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Bush and the Art of War

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Every time the Bush administration has dug itself a hole it’s asked for a bigger shovel to dig itself out.  This thought is worth bearing in mind as talk of a U.S. airstrike against Iran heats up.  No doubt, there are hard-line elements in Iran bent on disrupting America’s efforts in Iraq.  There aim is multi-fold: 1) Keep America bleeding in Iraq so that it is less capable of responding to Iran’s nuclear program.  2) Force the United States into a humiliating withdrawal from Iraq, which would then leave Iran as the dominant power in the Persian Gulf.  3) Goad the Bush Administration into launching preemptive strikes against Iran, which would rally a pro-American Iranian public around the fundamentalist regime.

The discerning reader will notice there is more than a kernel of contradiction between these three goals.  But these incongruities do not work to America’s benefit: The United States can lose by staying in Iraq, by quitting Iraq, or by attacking Iran.  For the Bush administration, which has inadvertently furthered Iran’s interests by thoroughly botching the invasion and occupation of Iraq, the prospect of a game changing strike against Iran may seem like a gamble worth taking.  Put simply, George Bush and Dick Cheney do not want to go down in as the architects of the biggest foreign policy disaster in American history.  Accordingly, in their view the best way to get Iraq’s recalcitrant militias into line would be to decapitate their sponsors in Iran.

There is also the related problem of Iran’s nuclear program, which if successful would: a) instantly transform Iran into the dominant power in the Gulf, b) provoke a nuclear arms race in the Middle East, c) destabilize the entire region, d) leave the West over a barrel (of oil).  In a nutshell, the United States cannot disengage from the Middle East without suffering catastrophic economic and geopolitical consequences.  Nor can it easily continue to sustain the Bush administration’s present course, which has decimated America’s image abroad, divided the country at home, and stretched America’s military to the breaking point.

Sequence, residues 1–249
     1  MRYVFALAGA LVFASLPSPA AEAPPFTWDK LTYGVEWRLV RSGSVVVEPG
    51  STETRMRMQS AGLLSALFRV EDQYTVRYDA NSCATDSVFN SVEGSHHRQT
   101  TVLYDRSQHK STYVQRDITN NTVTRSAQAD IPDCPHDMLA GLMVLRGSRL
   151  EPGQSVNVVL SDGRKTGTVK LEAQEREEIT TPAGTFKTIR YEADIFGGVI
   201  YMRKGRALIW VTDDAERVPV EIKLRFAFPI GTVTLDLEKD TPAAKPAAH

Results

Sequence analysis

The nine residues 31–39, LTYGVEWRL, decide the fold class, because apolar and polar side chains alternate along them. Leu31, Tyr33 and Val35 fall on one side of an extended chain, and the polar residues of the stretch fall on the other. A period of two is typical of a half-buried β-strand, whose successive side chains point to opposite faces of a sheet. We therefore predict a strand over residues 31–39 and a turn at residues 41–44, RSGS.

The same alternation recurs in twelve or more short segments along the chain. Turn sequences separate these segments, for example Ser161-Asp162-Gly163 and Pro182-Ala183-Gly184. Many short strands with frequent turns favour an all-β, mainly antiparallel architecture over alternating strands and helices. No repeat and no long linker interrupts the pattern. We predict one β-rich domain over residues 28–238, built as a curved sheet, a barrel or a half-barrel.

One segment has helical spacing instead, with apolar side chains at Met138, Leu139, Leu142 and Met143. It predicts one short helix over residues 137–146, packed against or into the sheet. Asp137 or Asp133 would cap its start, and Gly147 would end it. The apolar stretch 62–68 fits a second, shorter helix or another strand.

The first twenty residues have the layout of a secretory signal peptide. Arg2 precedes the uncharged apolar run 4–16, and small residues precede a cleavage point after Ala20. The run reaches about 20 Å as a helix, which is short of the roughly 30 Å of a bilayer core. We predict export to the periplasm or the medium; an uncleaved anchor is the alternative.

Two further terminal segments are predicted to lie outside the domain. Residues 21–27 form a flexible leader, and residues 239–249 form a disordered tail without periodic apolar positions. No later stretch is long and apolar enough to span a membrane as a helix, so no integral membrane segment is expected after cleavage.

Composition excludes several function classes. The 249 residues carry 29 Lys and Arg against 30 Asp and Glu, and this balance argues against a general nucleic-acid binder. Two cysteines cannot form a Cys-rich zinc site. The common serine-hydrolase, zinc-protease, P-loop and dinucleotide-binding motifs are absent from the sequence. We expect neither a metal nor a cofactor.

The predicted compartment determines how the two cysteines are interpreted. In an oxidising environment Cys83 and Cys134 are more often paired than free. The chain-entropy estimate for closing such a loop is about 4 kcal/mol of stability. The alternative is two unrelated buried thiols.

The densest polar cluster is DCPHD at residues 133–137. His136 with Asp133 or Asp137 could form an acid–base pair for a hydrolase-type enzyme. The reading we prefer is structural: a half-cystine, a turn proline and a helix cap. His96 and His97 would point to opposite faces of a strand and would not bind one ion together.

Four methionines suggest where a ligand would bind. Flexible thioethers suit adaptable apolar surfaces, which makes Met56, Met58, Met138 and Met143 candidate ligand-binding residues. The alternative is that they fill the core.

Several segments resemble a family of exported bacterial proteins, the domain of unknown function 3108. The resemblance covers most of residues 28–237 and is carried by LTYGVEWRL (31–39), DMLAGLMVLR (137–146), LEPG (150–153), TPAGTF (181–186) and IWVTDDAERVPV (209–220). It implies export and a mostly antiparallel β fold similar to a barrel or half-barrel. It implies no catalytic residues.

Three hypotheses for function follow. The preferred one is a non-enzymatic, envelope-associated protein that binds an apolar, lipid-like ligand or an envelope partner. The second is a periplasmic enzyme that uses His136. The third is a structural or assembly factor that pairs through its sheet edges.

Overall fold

Attacking Iran can be understood as escaping forward, which is military jargon for launching a frontal assault when faced with an increasingly untenable position.  As a military gambit, escaping forward is often the soundest choice one can make when facing dire straights.  However, most military experts believe that it would be sheer lunacy for the Bush administration to launch a preemptive attack against Iran.  After all, Iran could probably close the Straits of Hormuz, the transit way for more than 30% percent of the world’s oil.  And U.S. troops in Iraq would be highly vulnerable to retaliation from groups controlled by Tehran.  Indeed, a direct assault on Iran could unleash a wave of terror attacks across the globe launched by Iranian controlled sleeper networks.

So, what’s a superpower to do?  The Iranian regime’s greatest vulnerability is the price of oil.  In fact, if the price of oil were to drop precipitously the mullahs in Iran would likely lose their grip on power fairly quickly.  It is axiomatic, for instance, that the ruling elites in petro states are corrupt and cannot sustain their rule without subsidizing inefficient state industries, supporting the security apparatuses, and buying off the political opposition.  Significantly decrease the amount of petro profits flowing into the clerics’ coffers and the Iranian regime will collapse of its own accord, just as the Soviet Union did when oil prices hit bottom in the late 1980’s and early 1990’s.

In Sun Tzu’s The Art of War the successful commander is the one who can defeat his enemy before the first battle even begins.  Many military experts consider Sun Tzu’s meditations on warfare the most important observations ever made on the topic.  But for Sun Tzu, the ideal commander-in-chief is not characterized primarily by his (or her) military skill or his genius for combat, but rather for his (or her) ability to achieve greater social harmony.   The war in Iraq, or a war against Iran, is unlikely to engender a more harmonious and balanced world.  However, recognizing the ecological dimension behind the conflicts America faces gives us the opportunity to adapt our energy habits so they no longer feed the forces that threaten us.  Before striking Iran it is worth pondering a question that the Bush administration failed to ask before attack Iraq:  what would Sun Tzu do?

 

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About the Author -- Scott D. O'Reilly is an independent writer with degrees in philosophy and psychology. His work has been published in The Humanist, Philosophy Now, Intervention Magazine, Think, and The Philosopher's Magazine. He is a (more...)
 

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